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The Sin of Harold DiddlebockThe Sin of Harold Diddlebock

(American, 1947, 100 minutes, b&w, 16mm)

Directed by Preston Sturges

Harold Lloyd . . . . . . . . . . Harold Diddlebock
Frances Ramsden . . . . . . . . . . Miss Otis
Jimmy Conlin . . . . . . . . . . Wormy
Edgar Kennedy . . . . . . . . . .Bartender
With Jackie the Lion

The following film notes were prepared for the New York State Writers Institute by Kevin Jack Hagopian, Senior Lecturer in Media Studies at Pennsylvania State University:

It's the big game for little Tate College. Cheerful, energetic, dogged Harold Lamb is warming the bench for the Tate eleven, but he gets his chance when the team suffers a streak of casualties. Plucky Harold gets in the game, and, through a series of trick plays, wins the game, the girl, and the glory. Likeable schlemiel Harold is transformed into the biggest man on Tate's little campus. Presumably, Harold's next four years are a happy montage of homecoming dances, more successes on the gridiron, University Players Revues, good-natured hazing of underclassmen, all of it ending with a segue into graduation day accompanied by the old song "You gotta be a football hero..." played on the ukulele and sung by the College Glee Club. Harold is a king, Tate's leafy campus his empire, and the ivy on its buildings his laurels.

Such would be the stuff of football on the screen from HARMON OF MICHIGAN to FORREST GUMP, but Harold Lloyd's delightful 1924 THE FRESHMAN wrote the playbook. It was one of the great silent screen comic's biggest hits, ranked by fans and critics alongside his other masterworks, SAFETY LAST and THE KID BROTHER.

Writer/director/producer Preston Sturges was the comic wunderkind of his own era, the early 1940's, and he loved Lloyd's football fantasy for its good-heartedness and brilliant comic logic. But Sturges was also curious about the darker face of the American Dream, and he wondered: what would Harold's life be like after he hung up his cleats, when his triumphs on the fields of Tate College were just a heap of yellowing newspaper clippings? The result was a project he originally called "The Saga of Harold Diddlebock," a film that starts where THE FRESHMAN ends, and stars none other than Harold Lloyd himself in a tour de force of his own screen character from the 1920's, gone paunchy and fleabitten in the 1940's.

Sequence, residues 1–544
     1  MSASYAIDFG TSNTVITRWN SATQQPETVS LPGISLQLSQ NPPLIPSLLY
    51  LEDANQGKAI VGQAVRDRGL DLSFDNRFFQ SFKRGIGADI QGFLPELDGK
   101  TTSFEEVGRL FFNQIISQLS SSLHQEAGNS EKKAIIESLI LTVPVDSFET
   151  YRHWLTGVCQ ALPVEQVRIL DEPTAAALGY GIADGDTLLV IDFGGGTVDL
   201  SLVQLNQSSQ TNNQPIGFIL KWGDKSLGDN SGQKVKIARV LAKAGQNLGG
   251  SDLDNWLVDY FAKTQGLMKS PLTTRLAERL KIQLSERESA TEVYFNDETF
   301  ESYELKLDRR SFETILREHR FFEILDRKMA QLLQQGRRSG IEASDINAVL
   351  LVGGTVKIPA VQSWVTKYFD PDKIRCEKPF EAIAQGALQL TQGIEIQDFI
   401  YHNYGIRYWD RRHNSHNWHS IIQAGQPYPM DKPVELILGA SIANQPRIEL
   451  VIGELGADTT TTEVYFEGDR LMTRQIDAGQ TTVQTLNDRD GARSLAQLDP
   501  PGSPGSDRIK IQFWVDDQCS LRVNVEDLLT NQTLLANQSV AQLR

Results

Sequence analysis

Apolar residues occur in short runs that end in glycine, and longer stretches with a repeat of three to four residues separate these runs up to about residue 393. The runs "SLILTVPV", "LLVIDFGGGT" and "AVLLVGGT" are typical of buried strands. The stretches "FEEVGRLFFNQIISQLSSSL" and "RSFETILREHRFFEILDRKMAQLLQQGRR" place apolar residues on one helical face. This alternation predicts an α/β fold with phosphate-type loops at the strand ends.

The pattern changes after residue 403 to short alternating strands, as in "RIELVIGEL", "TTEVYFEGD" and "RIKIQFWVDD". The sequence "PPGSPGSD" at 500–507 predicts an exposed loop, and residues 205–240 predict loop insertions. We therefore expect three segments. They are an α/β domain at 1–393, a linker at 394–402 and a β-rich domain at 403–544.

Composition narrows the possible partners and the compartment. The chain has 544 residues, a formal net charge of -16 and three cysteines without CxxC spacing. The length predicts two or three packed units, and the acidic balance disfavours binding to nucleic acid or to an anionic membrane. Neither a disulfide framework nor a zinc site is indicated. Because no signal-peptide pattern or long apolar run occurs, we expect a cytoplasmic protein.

At the end of World War II, the project appealed to Harold Lloyd. He recognized Sturges as a comic talent to rival his own. In addition, he appeared in a film since 1938's PROFESSOR BEWARE (though he had produced two films for RKO Pictures), and was eager to get back in front of the camera. Lloyd was perhaps the richest of all the silent screen stars; his films had made more money than those of any other single performer during the 1920's, including his rival, Charlie Chaplin, and he lived in the most impressive mansion ever built in Hollywood, the vast Greenacres, with its own 9-hole golf course. But Lloyd's passion for filmmaking was unabated, and he thought that an alliance with Sturges would put him back on top.

Sturges, for his part, was embarking on what he thought would be the most important phases of his career. After making a string of the finest comedies in American screen history at Paramount, including THE LADY EVE and SULLIVAN'S TRAVELS, Sturges had found what he believed was the greatest measure of independence possible with a deal to make films for California Pictures, a production company established for him by Howard Hughes. THE SAGA OF HAROLD DIDDLEBOCK was to be his first project for California Pictures.